Note that what I have is not this Phase Four reissue, but an earlier Japanese release by King Record, K30Y 1546, paired only with Stokowski's arrangement of Debussy's Engulfed Cathedral, reissuing the original Decca LP. I have the rest of the content of this CD in the Stokowski box published by Decca in its Original Masters collection, Leopold Stokowski: Decca Recordings, 1965-1972 (Original Masters Limited Edition).
Scriabin's "Poème de l'extase" is not so easy to bring off. The conductor needs to find the fine balance between being too strict, dry and ungiving, thus betraying the composition's meaning - it is, after all, a poem of "ecstasy", and one may legitimately understand here "orgasm"; Scriabin's filled the score with markings such as "languido", "soavamente", "carezzando", "delice" - and, on the other extreme, being excessively languid, sultry and swooning, turning Scriabin's poem into a vulgar whore covered-up with a thick crust of make-up. Given the kind of conductor that Stokowski was, I would have thought that he would have erred in the direction of the second pole; in fact, not at all. This is, like Stokowski's previous recordings of Scriabin's piece, a remarkably balanced version, and it comes if vivid and pungent sonics. Though recorded live on September 8, 1972, it was picked up and released by Decca and became Stokowski's third "official"/commercial version - and also the last one (two other live versions from 1968 and 1969 were published in the CD era on BBC Legends, and I haven't heard them, see ASIN B00001W07J and B00005LW1I). His first studio effort was made in 1932 with his Philadelphia Orchestra and its antiquated sonics make it no more than a trace of what the real experience might have been (Schoenberg: Gurrelieder; Scriabin: Poem of Ecstasy; Poem of Fire); it is marginally tighter-fisted than the subsequent recordings, as if the conductor didn't quite yet have the music in his stride. The next one was the 1959 Everest recording with the Houston Symphony Orchestra, and while slightly more classically-minded and disciplined than this one, with lesser variations of tempo and more cogency in the tempo relationships, it is remarkable how Stokowski's conception has remained unchanged through the years (Tchaikovsky: Francesca da Rimini; Hamlet / Scriabin: Poem of Ecstasy ~ Stokowski). Its sonics are excellent, though not as full and vivid as in 1972. The latter has the more vivid sonics then, with even some solo violin and trumpet timbres that, very fugitively, veer towards the gaudy, and, as befits the live occasion, Stokowski conducts with marginally more abandon, dynamism and bite, but also less discipline in the observance of the tempo relations. Both versions are excellent and I could live with any of the two, but if I had to choose only one, it would probably be this one.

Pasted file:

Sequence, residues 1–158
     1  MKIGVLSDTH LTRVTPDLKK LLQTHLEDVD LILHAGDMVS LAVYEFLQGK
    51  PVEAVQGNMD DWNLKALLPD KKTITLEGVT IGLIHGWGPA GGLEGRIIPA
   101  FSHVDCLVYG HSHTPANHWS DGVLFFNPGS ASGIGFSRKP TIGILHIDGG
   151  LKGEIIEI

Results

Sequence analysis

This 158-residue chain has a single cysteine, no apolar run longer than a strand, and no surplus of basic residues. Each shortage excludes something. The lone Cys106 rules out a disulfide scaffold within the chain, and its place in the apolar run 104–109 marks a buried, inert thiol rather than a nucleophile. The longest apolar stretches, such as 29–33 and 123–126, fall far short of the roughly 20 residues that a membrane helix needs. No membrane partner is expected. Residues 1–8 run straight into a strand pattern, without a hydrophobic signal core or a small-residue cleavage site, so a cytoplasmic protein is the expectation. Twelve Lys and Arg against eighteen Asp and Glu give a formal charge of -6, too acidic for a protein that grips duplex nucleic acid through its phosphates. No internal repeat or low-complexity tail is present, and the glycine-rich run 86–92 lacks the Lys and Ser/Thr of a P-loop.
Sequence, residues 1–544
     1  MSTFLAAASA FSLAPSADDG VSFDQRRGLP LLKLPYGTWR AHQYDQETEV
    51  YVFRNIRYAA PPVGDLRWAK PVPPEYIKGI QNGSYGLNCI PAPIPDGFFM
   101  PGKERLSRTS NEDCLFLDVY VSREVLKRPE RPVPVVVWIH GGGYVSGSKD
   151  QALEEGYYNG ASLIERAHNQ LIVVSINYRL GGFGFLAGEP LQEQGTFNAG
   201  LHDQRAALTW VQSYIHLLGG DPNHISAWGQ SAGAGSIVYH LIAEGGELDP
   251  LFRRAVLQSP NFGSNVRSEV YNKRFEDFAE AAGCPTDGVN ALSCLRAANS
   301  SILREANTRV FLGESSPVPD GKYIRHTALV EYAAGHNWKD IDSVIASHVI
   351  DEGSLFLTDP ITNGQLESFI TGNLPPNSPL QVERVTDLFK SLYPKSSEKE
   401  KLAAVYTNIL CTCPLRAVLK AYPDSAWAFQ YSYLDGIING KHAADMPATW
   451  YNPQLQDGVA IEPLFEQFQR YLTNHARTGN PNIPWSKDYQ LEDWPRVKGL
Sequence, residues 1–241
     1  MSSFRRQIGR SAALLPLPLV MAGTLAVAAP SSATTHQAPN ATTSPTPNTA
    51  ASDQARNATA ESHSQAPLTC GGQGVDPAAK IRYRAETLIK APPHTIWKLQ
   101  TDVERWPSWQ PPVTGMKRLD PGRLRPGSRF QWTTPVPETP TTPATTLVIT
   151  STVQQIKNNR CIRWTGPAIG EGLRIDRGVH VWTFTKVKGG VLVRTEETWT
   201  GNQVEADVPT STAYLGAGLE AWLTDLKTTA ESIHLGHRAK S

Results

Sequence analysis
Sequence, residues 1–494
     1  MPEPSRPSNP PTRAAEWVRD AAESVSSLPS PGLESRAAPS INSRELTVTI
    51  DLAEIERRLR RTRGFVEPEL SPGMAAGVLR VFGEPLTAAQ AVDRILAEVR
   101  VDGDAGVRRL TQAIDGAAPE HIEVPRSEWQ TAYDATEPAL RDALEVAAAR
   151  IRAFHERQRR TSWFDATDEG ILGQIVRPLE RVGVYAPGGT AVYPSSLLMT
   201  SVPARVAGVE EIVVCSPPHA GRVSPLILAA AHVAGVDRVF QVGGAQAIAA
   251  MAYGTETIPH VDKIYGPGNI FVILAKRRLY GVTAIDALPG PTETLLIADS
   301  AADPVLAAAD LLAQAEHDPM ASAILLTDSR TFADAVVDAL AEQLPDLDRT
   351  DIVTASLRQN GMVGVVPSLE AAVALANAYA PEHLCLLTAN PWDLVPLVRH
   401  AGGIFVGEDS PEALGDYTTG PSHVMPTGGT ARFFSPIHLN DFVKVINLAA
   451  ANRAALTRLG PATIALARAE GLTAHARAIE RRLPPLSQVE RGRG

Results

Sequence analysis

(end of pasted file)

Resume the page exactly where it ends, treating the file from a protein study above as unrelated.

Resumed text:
I'll return to Stravinsky's Firebird-suite when I've done my comparative homework - which might be in some years.